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How to Influence the Weather When You Travel

How to Influence the Weather When You Travel
Meg Butler

Like it or not, influencing, especially travel influencers, are officially a thing. Even the FlyerTalk forums, one of the most popular gathering spots for people who frequently fly just for the fun of it, are peppered with Instagram related questions like how to arrange free flights for influencers on a major airline,  or whether or not being an Instagram influencer is a job requirement on EVA Air, or how almost every luxury hotel uses influencers to get people in the door.

Plus, getting paid to travel the world is one of the more common ways to rack up the kind of points that, if you’re smart, leads you to the FlyerTalk forums to figure out how to get the most mileage out of your miles. Compound miles, paid advertisements and free trips, it’s easy to understand why so many who are a part of the gig economy are after a big travel influencer payday.

And, we’re not totally surprised that at least one influencer with over 280,000 followers was so eager to zhuzh up her Instagram resume that she started controlling the weather. The internet, however, went to town when someone noticed something funny was going on with the sky in several of Tupi Saravia’s Instagram photos.

To be fair, what the heck is going on? Is there a cloud following her everywhere she goes? Did she even go anywhere? It was obvious that some sort of alterations were involved with her images. Only no one could figure out what until BuzzFeed got in touch with Sarvaria for an explanation.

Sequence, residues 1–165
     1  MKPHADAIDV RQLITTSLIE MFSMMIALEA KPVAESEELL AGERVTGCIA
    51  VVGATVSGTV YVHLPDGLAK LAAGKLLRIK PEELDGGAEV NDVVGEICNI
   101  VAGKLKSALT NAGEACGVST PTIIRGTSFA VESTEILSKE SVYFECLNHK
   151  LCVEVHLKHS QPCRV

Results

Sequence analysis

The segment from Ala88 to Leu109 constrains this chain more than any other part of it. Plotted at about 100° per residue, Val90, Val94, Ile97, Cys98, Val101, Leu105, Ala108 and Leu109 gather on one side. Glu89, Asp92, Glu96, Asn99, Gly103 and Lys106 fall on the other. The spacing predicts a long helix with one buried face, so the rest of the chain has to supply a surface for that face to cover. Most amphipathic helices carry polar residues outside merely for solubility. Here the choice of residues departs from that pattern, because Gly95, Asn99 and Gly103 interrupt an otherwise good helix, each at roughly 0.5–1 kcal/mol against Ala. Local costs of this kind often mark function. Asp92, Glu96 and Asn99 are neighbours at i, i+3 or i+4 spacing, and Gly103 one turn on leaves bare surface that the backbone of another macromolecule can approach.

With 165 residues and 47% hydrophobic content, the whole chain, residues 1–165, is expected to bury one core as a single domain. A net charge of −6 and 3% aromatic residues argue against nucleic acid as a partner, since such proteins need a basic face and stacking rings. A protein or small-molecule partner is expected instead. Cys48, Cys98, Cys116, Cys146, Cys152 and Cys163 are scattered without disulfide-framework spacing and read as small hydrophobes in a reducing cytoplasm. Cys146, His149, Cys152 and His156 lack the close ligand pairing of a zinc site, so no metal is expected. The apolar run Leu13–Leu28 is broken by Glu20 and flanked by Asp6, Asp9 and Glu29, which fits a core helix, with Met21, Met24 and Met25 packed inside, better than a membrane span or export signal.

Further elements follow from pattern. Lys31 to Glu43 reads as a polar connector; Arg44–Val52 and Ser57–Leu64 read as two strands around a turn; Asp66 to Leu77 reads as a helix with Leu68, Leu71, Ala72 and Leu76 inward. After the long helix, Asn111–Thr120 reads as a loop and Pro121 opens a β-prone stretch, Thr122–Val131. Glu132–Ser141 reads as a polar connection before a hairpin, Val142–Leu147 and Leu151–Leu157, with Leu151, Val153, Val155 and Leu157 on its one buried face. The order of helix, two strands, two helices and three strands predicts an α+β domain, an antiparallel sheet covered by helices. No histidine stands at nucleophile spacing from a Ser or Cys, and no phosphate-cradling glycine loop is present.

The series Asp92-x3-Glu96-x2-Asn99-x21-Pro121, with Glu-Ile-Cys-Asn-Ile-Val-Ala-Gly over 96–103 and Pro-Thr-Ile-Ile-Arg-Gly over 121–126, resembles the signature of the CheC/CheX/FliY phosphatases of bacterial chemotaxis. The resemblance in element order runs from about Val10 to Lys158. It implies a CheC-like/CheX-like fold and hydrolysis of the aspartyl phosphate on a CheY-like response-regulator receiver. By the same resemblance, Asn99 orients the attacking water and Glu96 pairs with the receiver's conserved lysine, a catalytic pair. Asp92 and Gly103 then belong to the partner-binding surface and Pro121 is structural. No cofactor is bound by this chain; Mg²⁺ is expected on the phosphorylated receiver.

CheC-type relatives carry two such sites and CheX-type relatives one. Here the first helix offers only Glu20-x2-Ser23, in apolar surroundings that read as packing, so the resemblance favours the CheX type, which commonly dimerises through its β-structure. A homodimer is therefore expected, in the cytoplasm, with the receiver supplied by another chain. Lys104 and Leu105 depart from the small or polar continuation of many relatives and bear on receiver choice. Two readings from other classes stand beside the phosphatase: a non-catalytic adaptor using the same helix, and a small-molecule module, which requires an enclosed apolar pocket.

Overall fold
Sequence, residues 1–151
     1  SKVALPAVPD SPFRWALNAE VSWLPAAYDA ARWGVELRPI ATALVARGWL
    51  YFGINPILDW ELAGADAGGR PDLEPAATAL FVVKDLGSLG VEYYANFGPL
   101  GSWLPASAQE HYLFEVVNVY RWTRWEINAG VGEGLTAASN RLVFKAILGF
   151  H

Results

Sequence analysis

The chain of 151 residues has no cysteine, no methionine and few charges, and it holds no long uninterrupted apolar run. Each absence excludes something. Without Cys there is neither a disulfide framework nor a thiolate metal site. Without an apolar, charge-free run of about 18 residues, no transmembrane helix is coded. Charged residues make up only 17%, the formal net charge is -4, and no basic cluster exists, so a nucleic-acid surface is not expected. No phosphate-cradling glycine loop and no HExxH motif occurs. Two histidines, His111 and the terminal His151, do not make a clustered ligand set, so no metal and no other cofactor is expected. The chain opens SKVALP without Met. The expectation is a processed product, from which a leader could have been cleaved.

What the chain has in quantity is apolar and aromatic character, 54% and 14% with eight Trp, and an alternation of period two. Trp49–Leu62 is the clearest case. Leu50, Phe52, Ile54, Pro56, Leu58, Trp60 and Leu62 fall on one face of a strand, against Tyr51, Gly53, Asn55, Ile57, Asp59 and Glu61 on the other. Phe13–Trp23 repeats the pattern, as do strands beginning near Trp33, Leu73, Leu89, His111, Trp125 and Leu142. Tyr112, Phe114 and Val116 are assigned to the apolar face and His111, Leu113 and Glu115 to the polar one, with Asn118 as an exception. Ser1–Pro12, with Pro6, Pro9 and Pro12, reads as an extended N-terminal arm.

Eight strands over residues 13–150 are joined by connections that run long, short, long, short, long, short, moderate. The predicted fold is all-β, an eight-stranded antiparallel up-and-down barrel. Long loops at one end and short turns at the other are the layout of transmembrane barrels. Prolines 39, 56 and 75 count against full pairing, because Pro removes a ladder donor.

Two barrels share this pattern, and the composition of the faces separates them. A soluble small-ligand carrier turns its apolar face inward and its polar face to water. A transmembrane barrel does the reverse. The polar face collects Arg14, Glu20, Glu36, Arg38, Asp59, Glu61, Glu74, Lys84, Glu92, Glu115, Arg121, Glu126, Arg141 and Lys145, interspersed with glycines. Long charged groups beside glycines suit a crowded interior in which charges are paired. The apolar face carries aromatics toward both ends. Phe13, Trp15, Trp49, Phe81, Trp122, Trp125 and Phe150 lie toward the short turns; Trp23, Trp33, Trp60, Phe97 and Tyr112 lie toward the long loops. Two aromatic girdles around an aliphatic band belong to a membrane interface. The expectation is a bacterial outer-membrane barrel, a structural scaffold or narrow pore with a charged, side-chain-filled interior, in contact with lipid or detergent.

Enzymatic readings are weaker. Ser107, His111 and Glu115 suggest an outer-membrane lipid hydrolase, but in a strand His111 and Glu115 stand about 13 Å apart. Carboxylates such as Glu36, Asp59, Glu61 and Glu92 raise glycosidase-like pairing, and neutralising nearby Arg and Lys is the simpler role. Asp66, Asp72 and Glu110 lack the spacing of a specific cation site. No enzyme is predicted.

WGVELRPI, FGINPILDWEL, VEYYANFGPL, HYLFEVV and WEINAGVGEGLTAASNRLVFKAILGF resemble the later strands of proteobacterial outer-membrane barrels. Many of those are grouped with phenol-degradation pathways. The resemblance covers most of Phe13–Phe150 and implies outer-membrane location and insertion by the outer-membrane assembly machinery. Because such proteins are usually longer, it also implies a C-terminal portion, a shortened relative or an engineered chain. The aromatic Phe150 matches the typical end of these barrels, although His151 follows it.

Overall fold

And, to everyone’s surprise, Sarvaria said “I can’t believe how far this went,” Saravia wrote via email with laughing-crying emojis. “I used an app called Quickshot to help the composition of the photograph when the sky is burned or overexposed.”

Quickshot is a free photo-editing app that has a feature called Sky Control that puts clouds into your photos when you want to make the day look more halcyon. You can check it out here. If this “controversy” is just a marketing ploy on behalf of Quickshot, it’s not a bad one. They’re certainly not the first app to try a little viral marketing and Tupi Savaria’s edited photos don’t look bad for a glossy #travelad type Insta business is about. If any of you have tried it, please let us know if it’s good or bad (or there’s something that you use that’s better) in the comments.

Saravia just really liked the one cloud pattern so she used it all the time. She says that she’s always been clear with her followers about what photo-editing apps she uses so “I really don’t see the big deal [here], I never lied about it,” she said. “I haven’t done anything wrong, and it was never my intention… Actually I’m the first one to tell the joke [that] the clouds are following me around the world.”

But not everyone agrees. “This really bums me out. There’s so many people who want what she has: a fabricated online reality 😔” said one of the several thousand people who Tweeted about the enhanced photos.

What I want to hear from FlyerTalk is, how many of you document your travels on Instagram and has it ever helped you travel further? Or, are you strictly a Beautiful Photos… Just Because photo poster?


[Instagram: Needpix]



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